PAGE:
Old Top remembered with respect on Veteran’s Day

Jim Lee: Local Columnist

As most of us know, Friday was Veterans Day. The observance was originally called Armistice Day because it marked the end of hostilities of World War I, up to that time the bloodiest and most widespread war in human history.
That first global conflict finally stopped with the Treaty of Versailles on the 11th hour of the 11th day of the 11th month of 1918. Some returning veterans marched in victory parades while other returning veterans watched the parades from their wheel chairs, and many lay in their graves.

Later the day became a national observance in the USA honoring all veterans, not just the people who served during the first world war, including people I served with.
I joined the Army about 42 years ago and was placed in the infantry. (It sure doesn’t seem that long ago.)

My first sergeant in basic training was a World War II veteran. In recognition of his experience, our company commander relaxed a rule about only officers being called “sir,” so most of us called our grizzled top kick “sir” instead of “sergeant.”

He was one of the 101st Airborne guys at Bastogne in the Battle of the Bulge. He had more ribbons than a maypole and a diagonal scar across his face that guaranteed he’d never forget the Germans.

Old Top was quite a character. When I say old, remember this is from the perspective of an 18-year-old so wet behind the ears he could shampoo without water. If he’s still with us (and I like to think he is), he’s well into his 80s now, but back then he was probably in his early 40s.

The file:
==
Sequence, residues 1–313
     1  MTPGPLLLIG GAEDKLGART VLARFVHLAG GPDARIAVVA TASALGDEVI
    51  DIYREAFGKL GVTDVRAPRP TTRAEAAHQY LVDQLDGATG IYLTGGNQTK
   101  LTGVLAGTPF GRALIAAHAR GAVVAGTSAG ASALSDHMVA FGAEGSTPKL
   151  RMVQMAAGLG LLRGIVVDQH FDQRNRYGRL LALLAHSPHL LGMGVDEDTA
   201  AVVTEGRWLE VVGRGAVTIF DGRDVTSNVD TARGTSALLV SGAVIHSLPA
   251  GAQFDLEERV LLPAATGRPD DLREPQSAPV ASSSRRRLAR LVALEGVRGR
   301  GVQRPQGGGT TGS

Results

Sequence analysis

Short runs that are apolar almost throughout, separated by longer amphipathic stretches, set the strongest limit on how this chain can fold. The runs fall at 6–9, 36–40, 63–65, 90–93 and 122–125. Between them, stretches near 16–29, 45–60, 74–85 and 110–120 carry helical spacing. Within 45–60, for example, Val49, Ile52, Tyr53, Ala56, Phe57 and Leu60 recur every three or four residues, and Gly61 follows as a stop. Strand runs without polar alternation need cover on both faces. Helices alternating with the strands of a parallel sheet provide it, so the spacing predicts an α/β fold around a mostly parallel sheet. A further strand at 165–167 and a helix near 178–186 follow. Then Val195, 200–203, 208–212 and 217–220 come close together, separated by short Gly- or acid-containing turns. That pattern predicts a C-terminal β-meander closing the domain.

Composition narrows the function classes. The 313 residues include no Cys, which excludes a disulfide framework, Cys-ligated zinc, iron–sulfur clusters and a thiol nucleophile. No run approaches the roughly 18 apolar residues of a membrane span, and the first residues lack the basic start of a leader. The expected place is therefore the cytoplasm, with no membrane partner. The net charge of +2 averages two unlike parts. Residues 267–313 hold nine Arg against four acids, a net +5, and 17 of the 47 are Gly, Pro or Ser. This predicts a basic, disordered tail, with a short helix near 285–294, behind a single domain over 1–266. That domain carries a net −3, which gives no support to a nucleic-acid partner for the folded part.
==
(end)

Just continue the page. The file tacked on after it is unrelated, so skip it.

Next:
The other recruits and I used to joke around that he probably had his stripes and hash marks tattooed so he’d have them on in the shower.

I recall one day Top said his new car would soon be at the dealer for pick up. He’d been bragging for weeks how he had a car on special order that would be in any day. Well, the big day finally arrived. Old Top was more excited than I was over my Hopalong Cassidy lunch box a few years earlier. He looked so proud when he drove that new Plymouth into the company area wearing his class A uniform and beaming like he just won the Irish Sweepstakes.

The special order? Well, it wasn’t for expensive accessories, big engine or the like. What made it special order was the paint job. Old Top bought himself a brand new car and had it painted olive drab, that dull Army green.
I’m glad nobody laughed at the first sergeant’s new pride and joy. I’m glad we showed him that much respect. Even our company commander, a first lieutenant in his early 20s, showed the man the respect he had so righteously earned helping kick Hitler’s backside and later serving in the Korean War.

Who knows, maybe Old Top volunteered for a tour in ’Nam after he taught us in basic training how to narrow the odds in getting ourselves bumped off. I often wonder whatever happened to him.

I hope everyone shows respect to our veterans and supports those young people becoming veterans — whether they support the war or not.

I didn’t do anything worthy of noting in the military. I just did what I was told and stayed out of trouble. The Army called that “serving honorably.” Others, such as Old Top, gave and gave up so much, and they have earned our respect.
The next time you see a grave with a little flag, think about that.

Jim Lee is news director for KENW-FM radio. He also is an English instructor. He can be contacted at 359-2204. His e-mail:
dr_james_lee@hotmail.com